Gaming tech and accessory brand Razer recently unveiled a brand new platform geared towards music producers called Razer Music. It launched with an impressive list of brand ambassadors like deadmau5, Dyro, Feed Me and Carnage. Each artist was appointed by the brand to host their own video tutorials on producing, kicking off with Carnage’s now infamously cringe-worthy 808s tutorial. Among the made-for-meme pro tips given by the producer in his tutorial video were gems like “I don’t know what it does it just makes everything super louder…” and “It just makes it sound very, very, way more stronger.” Throughout the video Carnage proved many, mostly negative, things about his musicianship, like his inept ability to articulate his producing techniques (aided by subtitles that helped to decipher said “pro” tips), and the use of a cracked version of LennarDigital’s popular soft synth, Sylenth1, licensed to “DONTKNOWWHO” on his laptop.
Although Carnage’s Razer Music tutorial video boasted a laundry list of features that a world-renowned producer should not possess, a cracked version of production software is definitely at the top of the list; a red-flag that many viewers caught wind of immediately. After the video went viral among the electronic music community for its laughably confusing content, many disgruntled music lovers reveled in the opportunity to call Carnage out on the offense. One of these call-outs ensued via Twitter, which led to LennarDigital getting involved first hand. In a short and sweet series of tweets, the audio software company alluded to the possibility of taking action against the producer for using an illegal version of the software. No measures have been taken by the company since their tweet as of yet, but Carnage now reluctantly joins the league of electronic music giants like Steve Aoki and Martin Garrix who have been accused of using pirated software.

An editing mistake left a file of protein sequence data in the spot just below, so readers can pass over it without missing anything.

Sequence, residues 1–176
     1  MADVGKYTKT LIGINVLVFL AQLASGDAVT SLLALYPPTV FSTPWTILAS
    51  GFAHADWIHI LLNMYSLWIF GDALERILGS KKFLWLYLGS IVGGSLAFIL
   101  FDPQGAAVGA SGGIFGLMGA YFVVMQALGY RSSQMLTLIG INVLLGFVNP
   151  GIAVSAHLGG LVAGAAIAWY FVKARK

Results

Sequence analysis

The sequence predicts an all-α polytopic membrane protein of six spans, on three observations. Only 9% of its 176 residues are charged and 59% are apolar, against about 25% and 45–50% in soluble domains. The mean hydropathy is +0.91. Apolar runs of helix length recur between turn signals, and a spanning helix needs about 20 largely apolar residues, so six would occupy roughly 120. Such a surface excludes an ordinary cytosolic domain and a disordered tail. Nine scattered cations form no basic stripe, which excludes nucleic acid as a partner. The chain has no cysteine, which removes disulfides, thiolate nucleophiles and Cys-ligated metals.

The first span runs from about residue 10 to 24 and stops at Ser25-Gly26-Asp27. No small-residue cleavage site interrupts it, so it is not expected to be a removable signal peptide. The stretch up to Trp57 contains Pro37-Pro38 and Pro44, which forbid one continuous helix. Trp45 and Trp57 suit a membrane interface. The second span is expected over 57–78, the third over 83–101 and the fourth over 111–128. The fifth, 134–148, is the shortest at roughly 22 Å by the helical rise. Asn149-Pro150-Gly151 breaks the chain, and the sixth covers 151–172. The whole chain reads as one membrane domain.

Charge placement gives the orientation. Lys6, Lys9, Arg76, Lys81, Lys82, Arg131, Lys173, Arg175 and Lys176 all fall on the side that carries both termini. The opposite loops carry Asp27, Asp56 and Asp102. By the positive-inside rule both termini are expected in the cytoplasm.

— CARNAGE (@djcarnage) October 22, 2015